My writing the last fortnight has been flowing, maybe because I have let go of the outcome. I need to turn up and write, and someone else can judge or do whatever they will with the words. I would never have been this confident in my first week on the programme.
Last week signalled the beginning of school holidays. A holiday that has two of my children having birthdays and an influx of extra kids. Eleven to feed one night, and we live in the country! I was wondering how I would get my allotted words when Renée (my mentor) suggested we double my quota for the next three weeks. This was actually clever on her part because what I first thought was a daunting task seemed easy now she had doubled it.
The end part of my novel (which is now nameless, but I have a few ideas incubating) has plants woven through it. A reoccurring theme with the traditional Māori medicine is that the more you get to know the forest and all the trees and plants within, they’ll tell you everything you need to know.
I am trusting this to be true with the characters in my book. At the moment, Libby, my main protagonist, is sitting on the limb of a tree. I need to go and watch, sit with her a while, so I can see where she needs to go.
30 November 2010: Writing Magic: an Elixir to Happiness
We have only a few weeks left on Te Papa Tupu programme. I am still grateful to have been picked for this programme and know that these six months have given me the tools and insight I need to be a writer for life.
I spent quite a bit of time over the past ten years reading about writers, attending writers’ festivals and writing a little bit. As much as that was fun, I know I was hoping to stumble on some magic potion that was going to turn me into a real writer.
In a roundabout way, I have found several of the ingredients that may help to make up the potion, but I now know that it has to be mixed fresh every day, and that some days, I’m just right out of what’s needed.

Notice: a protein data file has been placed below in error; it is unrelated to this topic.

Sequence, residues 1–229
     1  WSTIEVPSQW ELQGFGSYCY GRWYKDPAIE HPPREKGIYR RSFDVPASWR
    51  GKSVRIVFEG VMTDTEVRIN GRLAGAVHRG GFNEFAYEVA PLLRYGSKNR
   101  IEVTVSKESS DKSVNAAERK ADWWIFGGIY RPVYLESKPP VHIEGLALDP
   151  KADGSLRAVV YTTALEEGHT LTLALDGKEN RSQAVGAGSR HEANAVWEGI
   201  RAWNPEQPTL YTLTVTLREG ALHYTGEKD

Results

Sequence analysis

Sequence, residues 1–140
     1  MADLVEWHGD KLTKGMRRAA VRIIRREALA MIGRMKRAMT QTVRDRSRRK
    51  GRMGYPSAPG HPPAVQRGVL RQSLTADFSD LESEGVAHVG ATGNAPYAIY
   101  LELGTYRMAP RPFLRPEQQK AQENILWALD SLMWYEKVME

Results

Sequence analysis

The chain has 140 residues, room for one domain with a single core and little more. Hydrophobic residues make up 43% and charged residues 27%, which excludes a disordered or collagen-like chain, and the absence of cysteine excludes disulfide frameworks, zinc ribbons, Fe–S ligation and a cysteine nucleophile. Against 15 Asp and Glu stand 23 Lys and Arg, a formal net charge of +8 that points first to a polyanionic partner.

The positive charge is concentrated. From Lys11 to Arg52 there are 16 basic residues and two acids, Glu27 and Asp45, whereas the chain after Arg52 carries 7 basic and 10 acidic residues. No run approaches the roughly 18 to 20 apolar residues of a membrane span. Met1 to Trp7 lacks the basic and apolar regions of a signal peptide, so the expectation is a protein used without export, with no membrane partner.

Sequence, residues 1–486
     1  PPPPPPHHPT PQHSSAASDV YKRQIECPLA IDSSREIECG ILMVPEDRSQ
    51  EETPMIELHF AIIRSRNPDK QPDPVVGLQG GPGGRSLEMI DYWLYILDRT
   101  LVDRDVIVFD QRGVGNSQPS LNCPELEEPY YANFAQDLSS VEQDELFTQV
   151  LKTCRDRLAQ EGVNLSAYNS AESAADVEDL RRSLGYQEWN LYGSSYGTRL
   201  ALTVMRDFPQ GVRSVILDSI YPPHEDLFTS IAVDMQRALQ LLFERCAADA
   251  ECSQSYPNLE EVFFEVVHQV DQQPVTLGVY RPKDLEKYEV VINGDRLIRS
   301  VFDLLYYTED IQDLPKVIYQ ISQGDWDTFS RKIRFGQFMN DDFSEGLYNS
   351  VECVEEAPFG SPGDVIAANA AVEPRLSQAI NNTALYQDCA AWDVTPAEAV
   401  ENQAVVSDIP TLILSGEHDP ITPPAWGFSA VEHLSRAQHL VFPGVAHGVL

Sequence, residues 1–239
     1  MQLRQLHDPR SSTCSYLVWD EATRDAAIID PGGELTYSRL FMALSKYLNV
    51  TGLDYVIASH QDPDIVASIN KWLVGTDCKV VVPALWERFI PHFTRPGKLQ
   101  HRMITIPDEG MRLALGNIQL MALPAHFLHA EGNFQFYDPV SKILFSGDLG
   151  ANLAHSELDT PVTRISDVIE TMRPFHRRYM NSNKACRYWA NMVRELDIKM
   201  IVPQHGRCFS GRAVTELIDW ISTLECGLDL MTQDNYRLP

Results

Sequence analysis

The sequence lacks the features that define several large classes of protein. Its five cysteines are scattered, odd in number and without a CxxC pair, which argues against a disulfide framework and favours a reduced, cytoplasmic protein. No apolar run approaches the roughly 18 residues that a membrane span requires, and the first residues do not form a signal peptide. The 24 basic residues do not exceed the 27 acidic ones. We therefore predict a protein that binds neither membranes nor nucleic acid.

So what have I learnt?
Being totally committed to the project was invaluable. I wanted this book to be finished by 3 December, and at the beginning, even though I had no clue how I was going to get to that point, that was my challenge.
Having a mentor has been like having a secret weapon. At the start, I was all over the place, like when you ride your bike for the first time without the trainer wheels. But when I looked behind, I had Renée shouting at me to keep pedalling; just keep pedalling, you’ll get there. I wish I was rich enough to have one for every writing project.
To be a writer, you have to write. Regularly. For some reason, this constant writing changes how you write. Sometimes I don’t know what it is that is wrong with my writing, but because of the consistency, I know it is.
I have a friend that exercises most days. She said that when she doesn’t, she feels grumpy and pissed off. I am beginning to think that writing might be the same for me, but it does feel like it’s time for this project to be finished.
An invasion of teenagers has started to arrive for the summer holidays. Apparently something called Christmas is looming, and a house that hasn’t been cleaned properly for six months needs my attention.
My dream is to spend most of my days writing and hopefully make a living from it. This last six months has made me feel that much closer to my dream.